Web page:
Next was RECKLESS LOVE. I already mentioned that these guys have been in hiding a little too long without enough albums under their belt to properly justify this slot (at least over more established bands like INSOMNIUM and BLOODRED HOURGLASS), but perhaps it has something to do with their – admittedly not very good – new album, Turbo Rider.” Hoping to miss all of the new songs and just hear the fun old material, it was good to watch these guys from a bit further away. Like the bar. Or KING SATAN‘s set, which overlapped on the Tuskakvlt stage. Okay, no more teasing, but the band did focus mainly on new music, which made the first half of their set a real drag, which could be seen from the limp audience reactions to songs like “Turbo Rider,” “Eyes of a Maniac,” and “Outrun,” which got the set to a slogging start. They did shake things up with their cover of Ozzy Osbourne‘s “Bark at the Moon,” which went surprisingly well, but the show didn’t really pick up until the end when they played a collection of their best-of older material: “Badass” was a surprise great choice from their first album, “Animal Attraction” and “Hot” are festival musts, and “Night on Fire” was very appropriate in the heat. The band compensated for the weak music selection with a lot of fog and pyros, though their talk of spending youth in arcades feels pretty insincere… we can’t really imagine a young Olli Herman in an arcade. Wasn’t he too busy working out? (BW)

VLTIMAS is perhaps best known as ex-MORBID ANGEL singer David Vincent‘s new band. His return to MORBID ANGEL in the ’00s was marred by the fans vitriolic reaction to their 2011 album, “Illud Divinum Insanus,” as their core audience couldn’t stomach its industrial elements. Personally, I quite liked it, though I skip around the bad songs. VLTIMAS, however immediately proved themselves to be a band full of vigor, bringing a fresh, modern sound with roots firmly planted in death and black metal – almost a perfect mix of MAYHEM and MORBID ANGEL! Mr. Vincent came on stage dressed as what looked an awful lot like the pro-wrestler, The Undertaker. His mannerisms were goofy and over the top, but he carried it with unrivalled charisma. Surely a lot of people were expecting to hear at least some MORBID ANGEL; however, they correctly chose to play exclusively their own material. The only real downside was the obligatory drum solo, as it was more a demonstration of speed than skill. Otherwise it was a magnificent performance and we left feeling newly energized. (VP)

We next hopped over to the Inferno Stage to see WHEEL. These progsters have been consistently releasing good material while performing surprisingly vivid shows per their songs. Of interest, Aki “Conan” Virta came on stage recording the crowd from his phone. Their latest album, Resident Human,” was another pandemic release last year, yet their set was surprisingly well-balanced between their two releases, featuring tracks like “Lacking” and “Vultures,” but also “Movement” and “Dissipating.” Watching WHEEL, it’s always impressive to see how they manage to make their mid-tempo progressive metal feel lively on stage despite not moving around a whole lot. It was also interesting to see that they weren’t using their black hoods this time around – maybe it was because the Inferno stage was taking a full blast from the sun at that point in time, but whatever the reason, it was nice to see their smiling faces. Oh, and did we mention there was a moshpit? Life is full of surprises! (BW)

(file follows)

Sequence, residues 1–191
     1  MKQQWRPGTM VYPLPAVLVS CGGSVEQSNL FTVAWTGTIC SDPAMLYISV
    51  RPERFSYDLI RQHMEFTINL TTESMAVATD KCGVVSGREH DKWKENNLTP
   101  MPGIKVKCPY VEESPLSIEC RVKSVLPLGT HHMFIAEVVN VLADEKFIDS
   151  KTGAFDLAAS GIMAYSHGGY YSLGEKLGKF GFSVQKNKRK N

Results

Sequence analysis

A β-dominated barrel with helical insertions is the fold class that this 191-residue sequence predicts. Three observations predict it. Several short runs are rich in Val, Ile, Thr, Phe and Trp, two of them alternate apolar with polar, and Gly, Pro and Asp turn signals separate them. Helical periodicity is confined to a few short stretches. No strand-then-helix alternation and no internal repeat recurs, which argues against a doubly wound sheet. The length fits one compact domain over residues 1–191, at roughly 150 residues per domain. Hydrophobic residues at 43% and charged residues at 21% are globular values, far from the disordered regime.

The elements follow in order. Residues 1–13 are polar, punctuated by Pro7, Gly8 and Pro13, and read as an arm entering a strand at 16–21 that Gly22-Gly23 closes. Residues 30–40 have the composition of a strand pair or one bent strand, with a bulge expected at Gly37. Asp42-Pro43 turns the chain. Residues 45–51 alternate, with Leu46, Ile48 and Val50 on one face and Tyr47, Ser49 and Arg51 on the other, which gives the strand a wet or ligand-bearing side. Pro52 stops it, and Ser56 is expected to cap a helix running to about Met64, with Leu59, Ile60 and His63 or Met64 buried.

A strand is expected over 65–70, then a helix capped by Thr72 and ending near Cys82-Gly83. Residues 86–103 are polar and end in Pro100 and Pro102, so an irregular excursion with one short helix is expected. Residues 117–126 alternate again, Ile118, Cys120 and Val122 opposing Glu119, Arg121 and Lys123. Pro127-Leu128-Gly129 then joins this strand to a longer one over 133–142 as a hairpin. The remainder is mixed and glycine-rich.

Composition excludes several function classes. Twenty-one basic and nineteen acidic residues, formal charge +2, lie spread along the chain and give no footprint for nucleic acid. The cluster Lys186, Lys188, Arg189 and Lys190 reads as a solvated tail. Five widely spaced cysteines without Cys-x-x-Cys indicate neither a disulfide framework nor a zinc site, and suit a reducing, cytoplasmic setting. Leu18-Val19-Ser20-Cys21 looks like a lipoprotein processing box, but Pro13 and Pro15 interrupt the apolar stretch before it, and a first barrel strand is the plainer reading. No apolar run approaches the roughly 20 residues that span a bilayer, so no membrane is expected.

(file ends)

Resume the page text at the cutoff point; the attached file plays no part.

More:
STAM1NA and ONE MORNING LEFT crossed over a bit, but since both are pretty consistent and regular festival players, we took this as a chance to rest and refuel. Naturally, STAM1NA sounded insane from afar, with a lot of their set coming off their newest release, 2021’s “Novus Ordo Mundi.” Part of our party headed over to ONE MORNING LEFT, queuing up to make sure they’d make it inside. OML was a party first and a gig second, and we mean that in the best way possible. They played mostly new material and the crowd was totally into it, which is probably a good sign for the band’s future. Miksu Lahti‘s mic was a bit low and that hurt some of the songs, but it was more than made up for by Leevi Luoto‘s beautiful delivery. Good show! (HF)

We had an interesting choice then between local BLIND CHANNEL and Danish VOLA, both of whom I personally missed earlier this year and have been interested to check out. Since our photographer headed over to VOLA, I decided to finally stop and see how BLIND CHANNEL are doing for the first time in forever. Admittedly, the time has perhaps come for me to declare that I am officially too old for these guys, as I’m not really connecting with anything they’re doing anymore. The shiny new stage outfits that look like they were made out of trash bags mixed with the hats is far too new-age for me, but granted, their visual style was never remotely why I liked them to begin with. Like most other bands, the set did have a focus on their newer material (their next album will be out this Friday), like “Don’t Fix Me,” “We Are No Saints,” and of course, their big Eurovision hit, “Dark Side,” which got the crowd really amped up. They played the tent stage this year, which was a big step up for them, and the place was full so it seems the festival was happy to show them some love, even if the show didn’t do much for me this time around. Fortunately, the band have always been great live performers, so one way or the other, it was good that we stopped by. (BW)